Did Jaguar Land Rover forget to file the Range Rover Evoque’s Chinese patent in time?


The stunning original: the Range Rover Evoque.

There has been a lot of ongoing press about Landwind’s copy of the Range Rover Evoque, one of my favourite Sloane Ranger SUVs. There’s no way Landwind would have come up with its X7 design independently, and, if put before most occidental courts, there would be a finding in favour of the Indian firm.
   People are right to be upset, even in China, which has plenty of firms these days that spend millions on developing a new car and hiring the right talent. The days of SEAT Ibiza and Daihatsu Charade rip-offs are not completely gone, but if you read the Chinese motoring press, the journalists there are as condemning of copies as their colleagues everywhere else.
   While there have been firms that have gone from legitimate licensing to copying (e.g. Zotye and Yema), the reverse has tended to be the case in the Middle Kingdom.
   The latest article on the Landwind X7 appears in Haymarket’s Autocar, a magazine I’ve taken since 1980. I think Autocar is being overly cautious by putting copy in quotation marks in its headline.
   Landwind has maintained that it’s had no complaints from Jaguar Land Rover, while JLR CEO Ralf Speth says he will complain. Considering it’s been five years since the Evoque was launched, and news of the copy, and Landwind’s patent grant from 2014, has been around for a while, then saying you will complain in 2015 seems a little late.
   In fact, it’s very late. What surprises me is that this is something already known in China. As I understand it, a firm that shows a product in China at a government-sponsored show, if it wishes to maintain its “novelty” and prevent this sort of piracy from taking place, must register it within six months, under article 24 of China’s patent law:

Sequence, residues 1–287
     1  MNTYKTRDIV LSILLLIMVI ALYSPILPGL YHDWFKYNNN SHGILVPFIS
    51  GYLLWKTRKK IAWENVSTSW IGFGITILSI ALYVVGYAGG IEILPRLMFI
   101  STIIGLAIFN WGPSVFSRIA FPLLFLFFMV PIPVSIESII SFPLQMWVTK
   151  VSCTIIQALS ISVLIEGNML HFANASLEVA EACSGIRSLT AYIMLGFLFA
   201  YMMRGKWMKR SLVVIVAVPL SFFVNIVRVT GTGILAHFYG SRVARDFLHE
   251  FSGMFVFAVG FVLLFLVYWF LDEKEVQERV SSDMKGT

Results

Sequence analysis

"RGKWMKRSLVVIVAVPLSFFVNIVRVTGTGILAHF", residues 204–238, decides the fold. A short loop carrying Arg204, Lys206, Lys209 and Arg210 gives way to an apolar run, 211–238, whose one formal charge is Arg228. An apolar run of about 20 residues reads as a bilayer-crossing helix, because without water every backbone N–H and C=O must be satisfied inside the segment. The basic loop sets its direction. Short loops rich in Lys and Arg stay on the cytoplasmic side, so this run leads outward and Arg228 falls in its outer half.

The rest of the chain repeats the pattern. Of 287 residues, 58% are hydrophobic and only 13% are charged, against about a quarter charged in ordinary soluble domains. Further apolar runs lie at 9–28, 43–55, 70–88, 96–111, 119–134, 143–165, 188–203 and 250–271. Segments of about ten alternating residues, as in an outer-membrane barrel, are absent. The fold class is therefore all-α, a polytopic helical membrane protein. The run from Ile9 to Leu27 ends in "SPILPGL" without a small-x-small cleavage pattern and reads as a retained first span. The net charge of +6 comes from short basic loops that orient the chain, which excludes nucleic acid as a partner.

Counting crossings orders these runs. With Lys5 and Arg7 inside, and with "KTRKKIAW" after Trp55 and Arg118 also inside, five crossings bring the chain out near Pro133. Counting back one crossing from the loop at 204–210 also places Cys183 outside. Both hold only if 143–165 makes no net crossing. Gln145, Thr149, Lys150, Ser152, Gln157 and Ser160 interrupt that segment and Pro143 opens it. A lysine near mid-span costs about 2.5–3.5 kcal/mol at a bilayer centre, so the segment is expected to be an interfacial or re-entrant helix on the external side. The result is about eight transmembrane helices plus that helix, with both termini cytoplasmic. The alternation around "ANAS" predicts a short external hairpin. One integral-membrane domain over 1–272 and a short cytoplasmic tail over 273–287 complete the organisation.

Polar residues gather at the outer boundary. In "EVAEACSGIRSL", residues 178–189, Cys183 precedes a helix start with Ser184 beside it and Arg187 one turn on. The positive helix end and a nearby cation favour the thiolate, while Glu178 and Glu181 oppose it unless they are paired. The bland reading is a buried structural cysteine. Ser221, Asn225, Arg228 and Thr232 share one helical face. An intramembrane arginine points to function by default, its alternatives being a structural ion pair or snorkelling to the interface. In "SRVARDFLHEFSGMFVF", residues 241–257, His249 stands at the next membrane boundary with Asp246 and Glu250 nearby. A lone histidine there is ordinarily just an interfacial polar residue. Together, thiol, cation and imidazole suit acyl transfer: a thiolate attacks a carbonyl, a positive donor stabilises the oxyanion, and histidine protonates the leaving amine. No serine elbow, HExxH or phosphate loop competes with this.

Within six months before the date of application, an invention for which an application is filed for a patent does not lose its novelty under any of the following circumstances:
(1) It is exhibited for the first time at an international exhibition sponsored or recognized by the Chinese Government;
(2) It is published for the first time at a specified academic or technological conference; and
(3) Its contents are divulged by others without the consent of the applicant.

   The Evoque was shown at Guangzhou at a state-sanctioned motor show in December 2010, which meant that Jaguar Land Rover had until June 2011, at the outside, to file this registration. JLR reportedly missed the deadline, with the patent office receiving the application on November 24, 2011.
   The consequence of missing the period is that an original design becomes an “existing design”. While it’s not entirely the end of the road for Jaguar Land Rover in terms of legal remedies, it is one of the quirks of Chinese intellectual property law, which, sadly, is not as geared to protecting authors as it is in the west.
   If Jaguar Land Rover filed an opposition to Landwind’s 2013 patent application, then Landwind can point to article 62 of the same law: ‘In a patent infringement dispute, if the accused infringer has evidence to prove that the technology or design exploited is an existing technology or design, the exploitation shall not constitute a patent right infringement.’
   I’m not arguing that this is right, nor do I condone the X7, but you wonder why JLR hasn’t taken action. The above may be why JLR has stayed silent on the whole affair.
   This is why I read nothing on any action being taken by JLR when the Landwind was first shown, when a patent was granted (a year ago this month), or when the X7 was last displayed at a Chinese motor show, before this month’s Shanghai show, in November 2014.
   Land Rover has traditionally been swift in taking on copycats, and it had fought Landwind’s EU trade mark registration in 2006. Landwind, which has a connection to previous Land Rover owner Ford, is known to them.
   For now, Jaguar Land Rover’s trouble with its patent registration has yet to make it into the western media, at least till this piece. It really needs to be asking its lawyers some serious questions.—Jack Yan, Publisher

An earlier version of this piece appeared on Jack Yan’s personal blog.

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